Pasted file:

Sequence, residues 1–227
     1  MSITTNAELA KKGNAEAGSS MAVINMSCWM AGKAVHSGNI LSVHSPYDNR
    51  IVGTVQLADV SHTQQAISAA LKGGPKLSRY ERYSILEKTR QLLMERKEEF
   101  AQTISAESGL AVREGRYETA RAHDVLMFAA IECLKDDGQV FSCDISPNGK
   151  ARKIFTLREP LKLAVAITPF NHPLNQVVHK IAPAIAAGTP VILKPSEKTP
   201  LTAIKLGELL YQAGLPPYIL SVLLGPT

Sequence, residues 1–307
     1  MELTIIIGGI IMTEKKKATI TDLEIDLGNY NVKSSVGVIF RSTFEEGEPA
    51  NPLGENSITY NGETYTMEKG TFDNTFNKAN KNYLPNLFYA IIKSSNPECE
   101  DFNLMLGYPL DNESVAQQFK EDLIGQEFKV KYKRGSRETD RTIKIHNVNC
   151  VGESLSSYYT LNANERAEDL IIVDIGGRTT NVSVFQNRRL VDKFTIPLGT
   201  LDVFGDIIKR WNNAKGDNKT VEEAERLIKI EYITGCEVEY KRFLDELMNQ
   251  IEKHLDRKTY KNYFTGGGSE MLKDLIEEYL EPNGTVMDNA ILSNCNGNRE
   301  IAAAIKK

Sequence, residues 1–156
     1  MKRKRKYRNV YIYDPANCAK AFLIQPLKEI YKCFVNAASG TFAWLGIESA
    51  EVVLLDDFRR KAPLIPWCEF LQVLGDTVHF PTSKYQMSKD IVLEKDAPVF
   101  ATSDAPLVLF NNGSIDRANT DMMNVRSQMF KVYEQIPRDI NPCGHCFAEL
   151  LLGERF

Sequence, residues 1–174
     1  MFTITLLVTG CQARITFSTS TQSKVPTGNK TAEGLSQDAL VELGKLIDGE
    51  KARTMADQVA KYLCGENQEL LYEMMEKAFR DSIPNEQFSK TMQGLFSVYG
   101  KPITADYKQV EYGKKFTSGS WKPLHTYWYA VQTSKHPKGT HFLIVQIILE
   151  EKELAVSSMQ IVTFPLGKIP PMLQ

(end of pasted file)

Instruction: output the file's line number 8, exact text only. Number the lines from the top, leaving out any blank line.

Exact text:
     1  MELTIIIGGI IMTEKKKATI TDLEIDLGNY NVKSSVGVIF RSTFEEGEPA